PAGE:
[EDITED 9/22: Due to inclement weather, Needham Community Farm’s Open House/Open Farm has been POSTPONED to next Saturday, Sept 30 between 1PM-4PM.]
The Needham Community Farm, a collaborative effort that uses community supported agriculture (CSA) shares to offset the cost of produce distribution to food pantries and to residents at Needham Housing Authority sites, is a real-life “swords to ploughshares” story.
The farm was first established in front of the Newman School in 2008, but today resides at the former Nike missile site near the transfer station. The large, open field, once home to first- generation Cold War defensive missile silos long since removed, has been replaced by garden beds and beehives.
The dirt used in the field was transported from Needham High School in 2004 when the foundation for the addition was excavated. Spread and compacted by bulldozers, the earth took a long time to become farmable, said the farm’s vice president, Joe Leghorn.
Today the farm uses one-and-a-half acres for production and 150 raised beds, donated by the town in 2023, half of which are used to produce the CSA shares that underwrite the cost of running the farm.
Courtney Sodano, the farm’s development director, said 120 raised beds were leased during the 2023 growing season, exceeding expectations. The unrented beds were gardened communally, with the produce donated to food pantries.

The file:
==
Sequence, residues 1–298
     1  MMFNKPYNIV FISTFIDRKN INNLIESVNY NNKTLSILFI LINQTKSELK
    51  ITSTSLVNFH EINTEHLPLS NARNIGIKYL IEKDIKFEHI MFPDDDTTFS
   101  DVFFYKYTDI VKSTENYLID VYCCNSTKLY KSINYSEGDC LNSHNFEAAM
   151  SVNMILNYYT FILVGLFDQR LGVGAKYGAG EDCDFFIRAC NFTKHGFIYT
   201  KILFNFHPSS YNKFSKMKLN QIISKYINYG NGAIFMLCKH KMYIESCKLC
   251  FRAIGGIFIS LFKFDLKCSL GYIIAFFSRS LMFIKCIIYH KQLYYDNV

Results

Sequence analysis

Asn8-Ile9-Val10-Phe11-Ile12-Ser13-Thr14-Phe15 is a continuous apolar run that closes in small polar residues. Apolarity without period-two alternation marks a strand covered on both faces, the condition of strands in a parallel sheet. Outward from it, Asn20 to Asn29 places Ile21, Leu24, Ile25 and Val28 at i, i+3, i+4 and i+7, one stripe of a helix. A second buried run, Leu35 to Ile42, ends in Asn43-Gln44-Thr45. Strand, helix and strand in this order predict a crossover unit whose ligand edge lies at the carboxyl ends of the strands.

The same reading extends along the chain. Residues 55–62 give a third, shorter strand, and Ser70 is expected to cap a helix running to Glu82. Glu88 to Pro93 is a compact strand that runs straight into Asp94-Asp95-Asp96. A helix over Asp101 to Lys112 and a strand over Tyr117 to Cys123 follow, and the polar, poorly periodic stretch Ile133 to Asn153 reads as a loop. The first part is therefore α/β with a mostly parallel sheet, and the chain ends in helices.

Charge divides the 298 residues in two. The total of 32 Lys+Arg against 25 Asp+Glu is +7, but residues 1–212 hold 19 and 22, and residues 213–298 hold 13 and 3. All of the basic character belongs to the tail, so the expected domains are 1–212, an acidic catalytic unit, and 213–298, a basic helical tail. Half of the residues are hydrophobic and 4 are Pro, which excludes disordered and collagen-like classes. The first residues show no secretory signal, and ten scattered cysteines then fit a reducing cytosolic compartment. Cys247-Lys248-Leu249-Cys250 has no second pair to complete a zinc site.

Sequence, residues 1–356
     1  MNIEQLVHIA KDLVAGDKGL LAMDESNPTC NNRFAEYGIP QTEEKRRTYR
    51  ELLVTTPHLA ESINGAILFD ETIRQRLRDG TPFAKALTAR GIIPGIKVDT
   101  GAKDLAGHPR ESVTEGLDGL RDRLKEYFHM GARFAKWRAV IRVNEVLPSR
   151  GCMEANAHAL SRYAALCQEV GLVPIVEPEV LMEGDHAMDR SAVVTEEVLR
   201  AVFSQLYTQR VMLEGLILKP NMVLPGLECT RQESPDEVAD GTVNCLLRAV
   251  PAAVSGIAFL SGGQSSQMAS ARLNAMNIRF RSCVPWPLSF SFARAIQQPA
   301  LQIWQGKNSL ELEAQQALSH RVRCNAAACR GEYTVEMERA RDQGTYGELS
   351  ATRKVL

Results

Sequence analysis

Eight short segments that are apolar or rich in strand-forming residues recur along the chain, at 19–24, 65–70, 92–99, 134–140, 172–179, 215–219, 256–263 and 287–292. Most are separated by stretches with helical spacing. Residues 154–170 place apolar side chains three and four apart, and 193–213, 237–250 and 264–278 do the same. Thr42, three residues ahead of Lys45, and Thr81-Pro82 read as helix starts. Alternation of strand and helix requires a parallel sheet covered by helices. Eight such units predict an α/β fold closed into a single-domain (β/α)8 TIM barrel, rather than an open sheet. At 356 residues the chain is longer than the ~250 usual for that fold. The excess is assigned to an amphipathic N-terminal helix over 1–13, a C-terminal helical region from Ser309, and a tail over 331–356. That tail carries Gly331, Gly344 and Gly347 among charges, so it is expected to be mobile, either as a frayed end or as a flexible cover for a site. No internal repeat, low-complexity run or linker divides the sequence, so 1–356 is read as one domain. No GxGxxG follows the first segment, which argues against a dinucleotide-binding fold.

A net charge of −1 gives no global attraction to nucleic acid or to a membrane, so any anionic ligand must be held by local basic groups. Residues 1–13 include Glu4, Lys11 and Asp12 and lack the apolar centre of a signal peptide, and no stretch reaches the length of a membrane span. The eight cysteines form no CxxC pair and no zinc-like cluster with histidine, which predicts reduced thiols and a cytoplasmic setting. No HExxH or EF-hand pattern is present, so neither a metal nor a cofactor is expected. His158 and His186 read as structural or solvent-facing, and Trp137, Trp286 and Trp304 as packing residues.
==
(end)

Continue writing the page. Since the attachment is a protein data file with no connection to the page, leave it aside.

“The garden beds have a range of people out there, from long-time gardeners to people who are new to gardening and ask a lot of questions and then maybe join our gardening classes,” Sodano said.
In addition to growing crops, the farm offers gardening classes and workshops for adults and children. The sold-out 2023 offerings included “Grow Your Own Microgreens” and “The Buzz About Bees.”
A 4-foot-by-12-foot bed can be rented for the growing season for $100. Fifteen beds are offered free to those who are part of the Supplemental Nutrition Assistance Program (SNAP). There are also raised beds that are higher than others to accommodate those with physical challenges.
This summer Leghorn said he was surprised to see a Needham police cruiser at the farm and feared they were investigating an incident of vandalism. In fact, the police rented and cultivated two raised beds.
“People can grow almost whatever they want other than brambles and cannabis,“ said Leghorn. Brambles, like blackberries and raspberries, spread vines and thorns that overwhelm other plants.
The farm uses organic practices but has not gone through the expensive and complicated process of certification. Wildflowers are cultivated both to attract insects that are predators to pests and to attract pollinators.
A member of the volunteer board that guides the nonprofit farm, Leghorn is a retired corporate trial attorney. He acquired a passion for gardening that started when he was 5 years old and gardened with his grandfather. “The reason I treasure those times is that there wasn’t anything that I messed up that couldn’t be fixed,” he said, “My grandfather subtly taught me the important lessons of life —patience, observation, problem solving.”
Leghorn said a camaraderie has developed among the gardeners. They water and weed for one another as needed and plan social events through a listserv Sodano put together.
On Saturday, Sept. 23, the farm will host an open house from 1-4. “It’s a great time to see the farm because it’s still harvest season for us,” said Sodano.
Visitors will be able to tour the field and learn more about its history and how it runs today. Children can participate in a scavenger hunt, seed art and plant a pea shoot or sprout that they can take home. Visitors will also be able to register to win a $250 Wegmans gift card. And naturally, the farm’s harvest will be available for the public to sample.